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Death and taxidermy
If it weren't for the roadkill on the streets of Philadelphia, Beth Beverly would not be making her television debut tomorrow night.
"I would see birds crash into windows and roadkill on the street. I would see how beautiful it was and what a waste it was," Beverly said.
So she started stuffing animals.
As one of the four taxidermy experts on AMC's new reality show "Immortalized" (Thursday, 10 p.m.), Beverly will go head-to-head against challengers to see who can mount the best carcass based on a new theme in each episode. In tomorrow's premiere, Beverly will take on the theme "Size Matters." (Keep your jokes to yourself, peanut gallery.)
Beverly, who lives in South Philly but works in Port Richmond, has an almost glamorous style when it comes to deceased animals, integrating stuffed chickens into hats and giving her mounts whimsical accessories.
"I try to pour as much of my own energy and emotion into my pieces, and it translates into tender, sometimes morbid and sometimes very humorous pieces," Beverly said. "I really care about animals, that's why I'm driven to want to preserve their beauty. I like to think that translates in the end product."
Before attending the Pocono Institute of Taxidermy in 2010, Beverly was self-taught, learning all she knows from books. She suggests going solo at first for curious Philadelphians looking to get into the mounting biz.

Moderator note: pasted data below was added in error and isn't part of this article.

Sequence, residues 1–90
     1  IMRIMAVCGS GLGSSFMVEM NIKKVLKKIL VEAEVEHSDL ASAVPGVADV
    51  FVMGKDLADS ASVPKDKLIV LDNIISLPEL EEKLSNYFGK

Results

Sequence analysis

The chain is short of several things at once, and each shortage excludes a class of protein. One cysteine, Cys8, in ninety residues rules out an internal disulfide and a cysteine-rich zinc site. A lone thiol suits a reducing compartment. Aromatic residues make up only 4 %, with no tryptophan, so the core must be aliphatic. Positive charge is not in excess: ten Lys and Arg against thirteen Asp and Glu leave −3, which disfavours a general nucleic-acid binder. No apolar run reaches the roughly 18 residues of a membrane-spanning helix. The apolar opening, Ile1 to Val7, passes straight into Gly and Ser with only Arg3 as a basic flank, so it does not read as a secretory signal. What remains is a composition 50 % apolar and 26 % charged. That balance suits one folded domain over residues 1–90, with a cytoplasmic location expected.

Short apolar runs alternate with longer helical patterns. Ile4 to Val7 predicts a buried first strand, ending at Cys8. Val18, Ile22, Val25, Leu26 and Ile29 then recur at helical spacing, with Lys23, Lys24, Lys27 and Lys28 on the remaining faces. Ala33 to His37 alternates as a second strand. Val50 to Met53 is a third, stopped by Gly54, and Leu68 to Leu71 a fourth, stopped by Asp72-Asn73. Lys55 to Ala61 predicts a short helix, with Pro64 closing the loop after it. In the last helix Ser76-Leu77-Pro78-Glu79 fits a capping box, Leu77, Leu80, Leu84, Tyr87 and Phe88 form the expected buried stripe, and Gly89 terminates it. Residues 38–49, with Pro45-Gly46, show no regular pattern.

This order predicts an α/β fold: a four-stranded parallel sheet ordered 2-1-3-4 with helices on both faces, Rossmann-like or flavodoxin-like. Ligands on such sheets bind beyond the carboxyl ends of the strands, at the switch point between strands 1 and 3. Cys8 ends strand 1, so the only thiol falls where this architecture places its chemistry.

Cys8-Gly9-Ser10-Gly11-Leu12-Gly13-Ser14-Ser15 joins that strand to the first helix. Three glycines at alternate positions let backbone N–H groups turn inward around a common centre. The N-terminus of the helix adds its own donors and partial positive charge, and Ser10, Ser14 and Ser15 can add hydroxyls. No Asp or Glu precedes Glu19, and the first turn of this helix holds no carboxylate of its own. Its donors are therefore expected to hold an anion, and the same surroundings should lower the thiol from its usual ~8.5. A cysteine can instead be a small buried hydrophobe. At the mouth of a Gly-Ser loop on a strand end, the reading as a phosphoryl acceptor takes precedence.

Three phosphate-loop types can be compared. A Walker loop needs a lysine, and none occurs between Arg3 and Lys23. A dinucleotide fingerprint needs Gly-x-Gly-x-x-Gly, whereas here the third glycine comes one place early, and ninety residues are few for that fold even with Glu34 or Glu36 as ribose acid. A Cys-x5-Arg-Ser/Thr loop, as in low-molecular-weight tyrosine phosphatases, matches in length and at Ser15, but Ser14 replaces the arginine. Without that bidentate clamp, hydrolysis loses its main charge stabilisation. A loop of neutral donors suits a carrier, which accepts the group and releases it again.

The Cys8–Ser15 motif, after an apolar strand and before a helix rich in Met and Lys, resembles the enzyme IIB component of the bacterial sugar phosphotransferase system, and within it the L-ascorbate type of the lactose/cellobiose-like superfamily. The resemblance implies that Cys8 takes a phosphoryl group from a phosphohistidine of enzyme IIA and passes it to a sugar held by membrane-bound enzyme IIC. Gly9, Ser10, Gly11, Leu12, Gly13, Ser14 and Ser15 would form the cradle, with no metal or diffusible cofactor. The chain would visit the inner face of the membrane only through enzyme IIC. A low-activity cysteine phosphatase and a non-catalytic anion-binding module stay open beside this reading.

"Try it out on a mouse first. Let your cat catch a mouse. You can even buy feeder mice at pet store, they come frozen in these little containers. Online you can find instructions for anything," Beverly said. "I would say just try it to see if you can handle it. It's definitely not for everyone, and it isn't for the faint of heart."
If you dig Beverly's AMC spotlight, check out her website (diamondtoothtaxidermy.com) and her Etsy shop (etsy.com/shop/bethandbeverly). Beverly will also give a talk about her taxidermying ways, called "Skinned, Stuffed and Mounted: The History, Culture and How-to of Taxidermy," at the Wagner Free Institute of Science (1700 W. Montgomery Ave.,
wagnerfreeinstitute.org) on Sun., April 21, from 2 to 5:30 p.m.
* Hooters drummer David Uosikkinen is recovering from hip replacement surgery. Uosikkinen's doing fine and will be back behind the skins in eight weeks or so. Need a Uosikkinen fix? Check out his "In The Pocket" at songsinthepocket.org.
* Local rockers Soraia, who recently wrote songs with Jersey's own Jon Bon Jovi will, play a record show at the Legendary Dobbs on Saturday. Leader Soraia Mansour wrote five of the 10 songs on their newest album "In the Valley of Love and Guns."
"He was so opened-minded to my ideas," said Mansour, who met with Bon Jovi five times to write. "A first it was more of a teacher-student relationship. It made me happy to write."
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